palytoxin


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pal·y·tox·in

 (păl′ə-tŏk′sĭn)
n.
A powerful toxin that occurs in corals of the genus Palythoa of the South Pacific and disrupts the flow of ions across cell membranes. It is rapidly fatal to humans in very small doses and is one of the most complex naturally occurring substances.

[New Latin Paly(thoa), genus name (coined by Jean Vincent Félix Lamouroux (1779-1825), French biologist, perhaps based on the name of one of the Oceanids, such as Pāsithoē, in the Theogony of Hesiod) + toxin.]
References in periodicals archive ?
After a 60-year overview of the history and evolution of synthesis of natural products, sections on comparative design cover classics in terpenes and alkaloid synthesis, with an additional section on miscellaneous targets such as palytoxin, brevetoxin B, and indinavir.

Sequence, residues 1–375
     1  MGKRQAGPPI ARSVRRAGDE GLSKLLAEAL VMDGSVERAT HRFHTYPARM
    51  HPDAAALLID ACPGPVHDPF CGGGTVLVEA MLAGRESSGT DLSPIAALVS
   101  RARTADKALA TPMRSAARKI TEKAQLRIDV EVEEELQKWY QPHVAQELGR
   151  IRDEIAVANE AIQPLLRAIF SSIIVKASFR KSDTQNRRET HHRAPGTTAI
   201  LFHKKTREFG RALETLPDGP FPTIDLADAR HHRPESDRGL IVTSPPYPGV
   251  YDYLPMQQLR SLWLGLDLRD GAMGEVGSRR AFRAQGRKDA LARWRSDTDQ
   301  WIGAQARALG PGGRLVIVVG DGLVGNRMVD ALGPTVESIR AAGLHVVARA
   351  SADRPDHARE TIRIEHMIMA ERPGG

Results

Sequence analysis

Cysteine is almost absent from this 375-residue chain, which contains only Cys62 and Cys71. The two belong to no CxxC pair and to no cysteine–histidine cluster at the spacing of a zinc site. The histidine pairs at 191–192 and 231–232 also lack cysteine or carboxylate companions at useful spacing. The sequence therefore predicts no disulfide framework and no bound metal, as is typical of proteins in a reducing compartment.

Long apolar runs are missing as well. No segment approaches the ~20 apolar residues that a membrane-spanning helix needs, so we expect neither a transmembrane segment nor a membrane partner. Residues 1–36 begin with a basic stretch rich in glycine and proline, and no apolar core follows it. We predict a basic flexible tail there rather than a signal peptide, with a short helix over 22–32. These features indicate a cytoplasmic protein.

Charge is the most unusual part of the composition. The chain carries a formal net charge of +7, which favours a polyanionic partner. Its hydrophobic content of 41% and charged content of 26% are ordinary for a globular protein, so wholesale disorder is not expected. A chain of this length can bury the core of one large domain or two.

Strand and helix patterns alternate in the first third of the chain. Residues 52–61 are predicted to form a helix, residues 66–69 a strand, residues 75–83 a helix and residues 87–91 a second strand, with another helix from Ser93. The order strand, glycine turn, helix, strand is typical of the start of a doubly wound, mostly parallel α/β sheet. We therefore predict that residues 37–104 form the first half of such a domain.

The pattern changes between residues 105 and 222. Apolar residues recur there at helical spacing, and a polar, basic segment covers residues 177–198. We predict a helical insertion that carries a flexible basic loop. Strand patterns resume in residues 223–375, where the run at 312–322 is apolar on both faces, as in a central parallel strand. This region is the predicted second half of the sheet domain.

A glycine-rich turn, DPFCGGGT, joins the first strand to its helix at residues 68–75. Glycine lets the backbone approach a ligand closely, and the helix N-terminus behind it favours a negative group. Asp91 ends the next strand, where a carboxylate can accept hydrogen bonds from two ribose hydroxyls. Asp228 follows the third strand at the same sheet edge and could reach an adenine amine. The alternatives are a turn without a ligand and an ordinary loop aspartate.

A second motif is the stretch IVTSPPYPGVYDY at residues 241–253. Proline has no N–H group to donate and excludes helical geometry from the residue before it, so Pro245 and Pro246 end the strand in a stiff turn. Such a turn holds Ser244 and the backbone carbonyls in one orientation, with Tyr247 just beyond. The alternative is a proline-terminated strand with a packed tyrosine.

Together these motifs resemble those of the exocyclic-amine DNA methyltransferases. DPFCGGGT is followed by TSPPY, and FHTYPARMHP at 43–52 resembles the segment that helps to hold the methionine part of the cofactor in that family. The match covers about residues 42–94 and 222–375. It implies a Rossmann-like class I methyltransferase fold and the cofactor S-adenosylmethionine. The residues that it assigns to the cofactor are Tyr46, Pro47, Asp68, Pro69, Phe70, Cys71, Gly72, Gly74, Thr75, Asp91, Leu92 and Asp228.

from Purdue University in Chemistry and completed his postdoctoral fellowship at Harvard University, focusing on the synthesis of novel bioisosteres of Palytoxin.
Maths expert Simon Wilson, 60, tried to use palytoxin to make his death look like a heart attack and spare his family more pain.